Bill Simmons may be one of the biggest names in sports journalism, but he didn’t start that way. Before he joined ESPN, before he was fired, before he founded his own site, he was a blogger for AOL Digital Cities Boston grinding out posts for $50 per week.
“I would’ve done anything to get read by anyone,” Simmons recounted in a recent edition of his eponymous podcast. “And I think they paid me $50 per week for the first three months. And I just busted my ass and eventually, I got to $200 a week.”
Simmons, who built a career on his own (nearly) unpaid labor, weighed in on the recent controversy over underpaid SB Nation bloggers, the value of digital advertising and the time he almost gave up on journalism this week with Ringer Editor-at-Large Bryan Curtis and Wall Street Journal reporter Jason Gay. Here are the most interesting snippets, via Soundcloud:
On working for free
From my own standpoint, in 1997, I’d been out of the newspaper business for almost a year, and there’s this Digital City Boston site that has a movie guy, I’m trying to be their sports guy. I would’ve done anything to get read by anyone. And I think they paid me $50 per week for the first three months. And I just busted my ass and eventually I got to $200 a week. And I was still bartending on the side for a year-plus. And I can’t remember when I got to the point when they were paying me $550 or $600 a week. But it was probably about 15-18 months in — no benefits.
And I did that site for four years, just trying to get seen. And it sucks. And it becomes discouraging after awhile. But on the other hand, there’s no other way I could have created a break. So I look at somebody like — y’know, look at Kevin O’Connor, one of our young basketball writers. He was writing for CelticsBlog when we saw him. And I don’t know what he was making for them. He was probably making a little, but not a lot. …But we never would have seen him if he wasn’t on that site. So it’s a Catch-22, where you can’t get seen unless you’re writing — and it can be SB Nation, it can be Fansided…it can be Deadspin, it can be wherever. But you have to get seen somehow. Nobody’s going to say, ‘You’re hired.’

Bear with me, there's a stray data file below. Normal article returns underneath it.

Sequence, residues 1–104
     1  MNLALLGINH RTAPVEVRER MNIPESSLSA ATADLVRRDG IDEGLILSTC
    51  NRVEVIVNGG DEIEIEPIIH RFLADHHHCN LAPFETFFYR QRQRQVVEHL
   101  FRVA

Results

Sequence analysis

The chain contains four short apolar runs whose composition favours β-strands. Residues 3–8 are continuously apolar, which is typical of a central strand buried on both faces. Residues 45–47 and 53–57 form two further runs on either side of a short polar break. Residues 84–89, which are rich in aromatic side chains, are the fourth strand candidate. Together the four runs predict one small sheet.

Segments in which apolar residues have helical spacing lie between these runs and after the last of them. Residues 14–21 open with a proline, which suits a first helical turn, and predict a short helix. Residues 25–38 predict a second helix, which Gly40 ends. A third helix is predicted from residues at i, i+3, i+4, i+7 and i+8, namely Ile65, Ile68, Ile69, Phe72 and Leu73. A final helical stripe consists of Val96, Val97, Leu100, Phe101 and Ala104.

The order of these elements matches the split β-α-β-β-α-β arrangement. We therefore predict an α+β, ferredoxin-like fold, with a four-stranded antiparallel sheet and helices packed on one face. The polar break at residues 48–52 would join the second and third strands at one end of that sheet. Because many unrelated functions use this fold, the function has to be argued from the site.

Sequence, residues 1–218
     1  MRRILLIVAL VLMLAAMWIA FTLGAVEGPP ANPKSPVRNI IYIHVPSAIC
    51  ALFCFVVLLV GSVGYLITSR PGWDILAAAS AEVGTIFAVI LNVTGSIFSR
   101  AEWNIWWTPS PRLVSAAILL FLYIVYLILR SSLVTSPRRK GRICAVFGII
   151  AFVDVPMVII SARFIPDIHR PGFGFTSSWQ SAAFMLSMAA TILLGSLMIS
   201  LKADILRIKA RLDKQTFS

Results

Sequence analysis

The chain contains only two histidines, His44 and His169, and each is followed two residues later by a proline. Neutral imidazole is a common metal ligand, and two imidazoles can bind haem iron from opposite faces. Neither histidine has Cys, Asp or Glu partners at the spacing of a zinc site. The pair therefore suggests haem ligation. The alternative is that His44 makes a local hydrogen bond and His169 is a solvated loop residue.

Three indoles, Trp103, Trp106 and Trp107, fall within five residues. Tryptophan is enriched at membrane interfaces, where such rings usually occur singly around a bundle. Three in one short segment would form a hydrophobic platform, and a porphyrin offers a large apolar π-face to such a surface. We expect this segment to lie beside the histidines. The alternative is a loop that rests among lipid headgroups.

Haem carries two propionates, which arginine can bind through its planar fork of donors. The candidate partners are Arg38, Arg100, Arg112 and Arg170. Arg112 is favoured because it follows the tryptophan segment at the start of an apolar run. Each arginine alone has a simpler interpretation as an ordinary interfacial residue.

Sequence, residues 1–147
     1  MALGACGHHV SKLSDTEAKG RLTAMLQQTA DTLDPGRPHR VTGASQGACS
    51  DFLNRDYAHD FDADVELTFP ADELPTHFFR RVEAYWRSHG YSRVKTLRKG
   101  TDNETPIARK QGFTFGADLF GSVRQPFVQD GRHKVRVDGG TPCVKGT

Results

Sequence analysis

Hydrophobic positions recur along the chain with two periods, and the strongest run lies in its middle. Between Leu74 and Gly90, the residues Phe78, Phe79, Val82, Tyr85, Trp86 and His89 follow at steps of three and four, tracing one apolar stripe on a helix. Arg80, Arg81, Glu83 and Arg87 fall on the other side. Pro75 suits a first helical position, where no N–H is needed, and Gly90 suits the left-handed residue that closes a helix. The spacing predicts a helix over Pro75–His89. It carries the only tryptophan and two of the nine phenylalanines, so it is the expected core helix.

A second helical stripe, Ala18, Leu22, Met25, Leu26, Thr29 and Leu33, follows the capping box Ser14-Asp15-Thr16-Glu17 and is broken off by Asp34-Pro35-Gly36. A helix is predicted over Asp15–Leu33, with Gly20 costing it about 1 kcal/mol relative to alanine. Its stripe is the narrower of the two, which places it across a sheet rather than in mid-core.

On almost quitting journalism
Some of this has to come down to, ‘how long do you do something before you give up?’ …There were two different points when I almost gave up. 1996, after I left The Herald. And then in 2000, year three of my site. My site was good. I had an audience, but I couldn’t break through, I couldn’t get over the hump. And I remember going out to dinner near the end of that summer with my future wife and my mom and my stepdad. And I was like, ‘I think I’m going to give up. I think I’m going to go into commercial real estate. And I think a lot of writers have hit that point, where you just go: ‘Is this worth it? Is this going to happen?’
…I’m sure there are people who’ve given up who shouldn’t have.
On digital advertising
I think part of the problem right now though is that the old Internet model with advertising on websites wasn’t a good model. And I think it took most companies a long time to realize that. And once they realized that, the model shifted on people making content. And they were like, ‘Oh, no! It was great before!’ Before, it wasn’t a great model.
…The stuff always moves in trends that are almost too severe. Everyone’s saying, ‘Video, video, video!’ It’s like, ‘Well there are a lot of ways you can integrate sponsors.’ There’s branded content and there’s podcasts. There’s video ads at the beginning and end of stuff. …You can get more creative. I think the old way of ‘here’s a banner for your peter king column — that model is going away, and it’s not coming back.
On paid content
The model that is really good and is the model that I think is going to succeed long-term is the model where, ‘here’s some of our stuff, and you can read 10 of our pieces, or 12. But if you want the whole shebang, here’s the subscription thing.’ That model’s working.